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Tell Us What You Really Think

During Latitude 38’s early years one of the most challenging editorial efforts was reporting on the December 1982 storm that devastated the Cabo San Lucas anchorage. Days afterward, cruisers were still digging out salvageable hulls. 

©2017Latitude 38 Media, LLC

Looking back from our vantage point today, the most influential development of the year 1977 was probably the launch of the first Apple computer. Then again, the precursor to the GPS was also revved up that year by the US Department of Defense. And sadly, 1977 was also the year that America lost its most influential pop icon, Elvis, to an overdose. 

Meanwhile, here in the Bay Area, the very first issue of Latitude 38 magazine hit the docks in ’77, and soon attracted a dedicated — almost cult-like — following of readers who considered the free, black-and-white monthly to be the ‘bible of the West Coast sailor.’ As evidence of its minimally funded entrepreneurial roots, the first few issues were literally laid out on the salon table of founder Richard Spindler’s Bounty II sailboat, which he and his then-wife Kathy McCarthy lived aboard in Sausalito. 

With the arrival of Latitude‘s official 40-year anniversary next month, we’ve been kicking around a variety of ideas for special editorial content to include in the April 2017 40th Anniversary issue, and we’d greatly appreciate your input as we fine-tune our game plan.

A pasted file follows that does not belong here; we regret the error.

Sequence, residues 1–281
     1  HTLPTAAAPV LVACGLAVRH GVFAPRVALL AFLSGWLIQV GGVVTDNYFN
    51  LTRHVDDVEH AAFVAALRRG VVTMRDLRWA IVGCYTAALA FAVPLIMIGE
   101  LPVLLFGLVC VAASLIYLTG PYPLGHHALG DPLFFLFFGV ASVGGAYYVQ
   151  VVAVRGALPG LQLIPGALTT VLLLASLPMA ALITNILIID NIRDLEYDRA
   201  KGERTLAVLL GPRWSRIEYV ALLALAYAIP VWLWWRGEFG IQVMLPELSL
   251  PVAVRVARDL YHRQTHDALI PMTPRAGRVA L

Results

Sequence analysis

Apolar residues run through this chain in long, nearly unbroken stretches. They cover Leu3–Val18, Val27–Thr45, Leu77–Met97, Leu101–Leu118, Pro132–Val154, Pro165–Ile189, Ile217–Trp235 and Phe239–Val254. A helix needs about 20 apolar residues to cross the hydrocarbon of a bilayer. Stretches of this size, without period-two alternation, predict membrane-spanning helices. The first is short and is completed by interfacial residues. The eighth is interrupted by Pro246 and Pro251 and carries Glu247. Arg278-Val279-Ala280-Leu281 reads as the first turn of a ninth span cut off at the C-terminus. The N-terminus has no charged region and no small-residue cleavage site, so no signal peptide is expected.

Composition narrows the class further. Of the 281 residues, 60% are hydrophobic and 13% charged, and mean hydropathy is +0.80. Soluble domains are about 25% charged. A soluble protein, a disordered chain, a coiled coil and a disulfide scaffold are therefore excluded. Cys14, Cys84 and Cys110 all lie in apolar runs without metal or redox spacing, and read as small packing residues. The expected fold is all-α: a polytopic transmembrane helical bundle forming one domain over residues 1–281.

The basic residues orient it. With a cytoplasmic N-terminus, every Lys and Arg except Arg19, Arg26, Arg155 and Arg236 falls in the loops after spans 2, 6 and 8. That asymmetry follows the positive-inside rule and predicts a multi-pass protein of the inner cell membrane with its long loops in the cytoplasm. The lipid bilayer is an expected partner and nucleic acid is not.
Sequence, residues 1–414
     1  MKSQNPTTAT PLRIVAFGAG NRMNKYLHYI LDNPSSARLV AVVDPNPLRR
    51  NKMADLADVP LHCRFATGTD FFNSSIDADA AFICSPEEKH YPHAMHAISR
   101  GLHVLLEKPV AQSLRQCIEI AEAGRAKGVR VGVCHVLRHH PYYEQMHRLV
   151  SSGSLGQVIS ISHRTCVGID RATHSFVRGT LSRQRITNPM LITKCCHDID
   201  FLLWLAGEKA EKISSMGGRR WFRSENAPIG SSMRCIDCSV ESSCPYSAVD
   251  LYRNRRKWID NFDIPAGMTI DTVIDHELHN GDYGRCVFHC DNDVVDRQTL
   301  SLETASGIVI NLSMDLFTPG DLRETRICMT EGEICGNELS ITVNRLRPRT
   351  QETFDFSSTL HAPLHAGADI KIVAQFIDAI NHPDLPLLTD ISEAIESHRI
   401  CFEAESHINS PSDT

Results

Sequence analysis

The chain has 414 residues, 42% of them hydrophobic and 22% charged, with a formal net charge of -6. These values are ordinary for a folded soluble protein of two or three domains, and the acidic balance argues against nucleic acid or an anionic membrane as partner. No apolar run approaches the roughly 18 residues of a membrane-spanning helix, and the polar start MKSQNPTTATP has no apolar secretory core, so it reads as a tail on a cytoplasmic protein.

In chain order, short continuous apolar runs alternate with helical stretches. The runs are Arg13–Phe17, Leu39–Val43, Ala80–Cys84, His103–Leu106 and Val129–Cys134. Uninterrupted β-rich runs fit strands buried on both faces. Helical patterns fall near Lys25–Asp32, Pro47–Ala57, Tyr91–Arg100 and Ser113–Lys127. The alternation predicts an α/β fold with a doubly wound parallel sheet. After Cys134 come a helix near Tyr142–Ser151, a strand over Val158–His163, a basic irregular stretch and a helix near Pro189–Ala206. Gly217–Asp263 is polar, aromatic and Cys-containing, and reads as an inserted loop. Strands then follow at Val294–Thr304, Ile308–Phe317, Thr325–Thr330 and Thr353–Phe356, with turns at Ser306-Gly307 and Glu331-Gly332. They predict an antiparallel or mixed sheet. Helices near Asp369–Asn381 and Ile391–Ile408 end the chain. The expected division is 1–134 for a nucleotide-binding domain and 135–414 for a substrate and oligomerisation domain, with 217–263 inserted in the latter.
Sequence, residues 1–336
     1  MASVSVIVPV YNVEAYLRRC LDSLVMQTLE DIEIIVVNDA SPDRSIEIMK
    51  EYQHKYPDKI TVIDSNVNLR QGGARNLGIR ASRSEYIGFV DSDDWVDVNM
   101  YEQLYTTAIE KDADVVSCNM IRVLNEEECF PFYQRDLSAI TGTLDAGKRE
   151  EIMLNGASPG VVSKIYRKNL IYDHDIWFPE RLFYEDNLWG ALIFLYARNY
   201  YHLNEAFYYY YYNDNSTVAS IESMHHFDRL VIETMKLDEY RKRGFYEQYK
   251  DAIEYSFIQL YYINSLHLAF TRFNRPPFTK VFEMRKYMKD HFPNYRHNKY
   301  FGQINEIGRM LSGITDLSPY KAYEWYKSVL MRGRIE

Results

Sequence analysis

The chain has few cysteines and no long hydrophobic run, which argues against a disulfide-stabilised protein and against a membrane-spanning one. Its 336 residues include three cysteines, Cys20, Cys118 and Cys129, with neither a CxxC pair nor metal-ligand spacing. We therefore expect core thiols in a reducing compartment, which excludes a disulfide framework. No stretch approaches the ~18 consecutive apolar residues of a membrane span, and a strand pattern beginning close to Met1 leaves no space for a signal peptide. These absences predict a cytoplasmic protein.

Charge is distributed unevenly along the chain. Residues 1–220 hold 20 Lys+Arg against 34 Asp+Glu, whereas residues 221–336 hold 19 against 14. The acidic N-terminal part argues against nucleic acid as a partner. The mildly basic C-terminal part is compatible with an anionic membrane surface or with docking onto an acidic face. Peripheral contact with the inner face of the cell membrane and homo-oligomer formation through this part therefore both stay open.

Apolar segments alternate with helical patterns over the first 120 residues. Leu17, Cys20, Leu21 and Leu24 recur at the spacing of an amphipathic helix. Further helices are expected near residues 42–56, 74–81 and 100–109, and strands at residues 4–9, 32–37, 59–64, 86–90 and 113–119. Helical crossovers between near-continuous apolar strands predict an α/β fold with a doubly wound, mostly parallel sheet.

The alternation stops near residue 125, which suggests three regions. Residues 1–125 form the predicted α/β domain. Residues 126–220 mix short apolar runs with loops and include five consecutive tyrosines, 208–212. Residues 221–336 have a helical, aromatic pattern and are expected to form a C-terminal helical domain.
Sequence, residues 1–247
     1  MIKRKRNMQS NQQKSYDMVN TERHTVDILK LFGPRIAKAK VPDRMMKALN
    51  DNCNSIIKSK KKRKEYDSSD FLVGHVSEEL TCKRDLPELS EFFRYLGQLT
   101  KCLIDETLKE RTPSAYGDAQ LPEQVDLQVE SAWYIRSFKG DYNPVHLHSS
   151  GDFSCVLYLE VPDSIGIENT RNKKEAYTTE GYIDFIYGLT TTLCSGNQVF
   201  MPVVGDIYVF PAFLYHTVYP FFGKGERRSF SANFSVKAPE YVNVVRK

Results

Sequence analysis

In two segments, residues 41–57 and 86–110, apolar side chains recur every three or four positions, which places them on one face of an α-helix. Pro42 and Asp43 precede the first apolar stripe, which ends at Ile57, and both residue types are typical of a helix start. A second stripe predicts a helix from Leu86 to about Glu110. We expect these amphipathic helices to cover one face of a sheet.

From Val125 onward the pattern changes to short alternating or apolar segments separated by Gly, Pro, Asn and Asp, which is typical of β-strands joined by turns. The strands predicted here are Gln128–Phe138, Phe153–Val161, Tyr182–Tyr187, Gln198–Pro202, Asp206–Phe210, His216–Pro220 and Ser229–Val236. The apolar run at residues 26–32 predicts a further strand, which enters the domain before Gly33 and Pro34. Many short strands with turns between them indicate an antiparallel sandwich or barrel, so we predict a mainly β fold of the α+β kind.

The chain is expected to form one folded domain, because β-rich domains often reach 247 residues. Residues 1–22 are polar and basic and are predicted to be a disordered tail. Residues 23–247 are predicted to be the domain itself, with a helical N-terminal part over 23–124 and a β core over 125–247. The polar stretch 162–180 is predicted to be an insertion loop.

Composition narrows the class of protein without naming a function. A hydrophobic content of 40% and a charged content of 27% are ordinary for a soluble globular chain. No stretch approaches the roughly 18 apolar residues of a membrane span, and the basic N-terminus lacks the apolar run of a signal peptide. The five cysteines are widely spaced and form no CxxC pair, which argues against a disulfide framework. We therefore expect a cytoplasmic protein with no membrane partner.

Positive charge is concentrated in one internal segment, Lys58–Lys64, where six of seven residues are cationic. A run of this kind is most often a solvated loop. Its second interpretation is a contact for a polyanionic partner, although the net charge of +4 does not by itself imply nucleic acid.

Grace was one of several boats that was salvaged successfully after the ’82 Cabo storm. In fact, she was cruising the South Pacific just a few years ago. Sadly, though, damage to the famous world voyager Joshua was so severe that owner Bernard Moitessier could not face the challenge of salvaging her (although an enterprising Swiss sailor did).

©2017Latitude 38 Media, LLC

So if you recall being particularly impressed or enlightened by our reporting on a particular sailor or subject, we’d love to hear your thoughts. Or, if you found some aspect of Latitude‘s (pre-PC) editorial to have been lame or inappropriate, we’d welcome such a critique also. 

Putting out each issue with a small staff and limited resources has always been a heck of a lot of work, but one of the things that makes it worth the effort — probably the most gratifying to Latitude staffers — is when someone tells us that our stories, photos and insights have "kept the dream alive" for them, whether that dream was buying their first boat, heading out the Golden Gate to go cruising, or racing to Hawaii. So again, if we’ve kept a sailing dream alive for you, we’d love your input. (And, of course, medium-resolution photos that support your comments are always welcome also.)

More often than not we try to live in the moment rather than focusing on the past. But looking ahead to our April anniversary issue we’re already having fun doing some well-earned reminiscing. So again, we invite you to chime in also.

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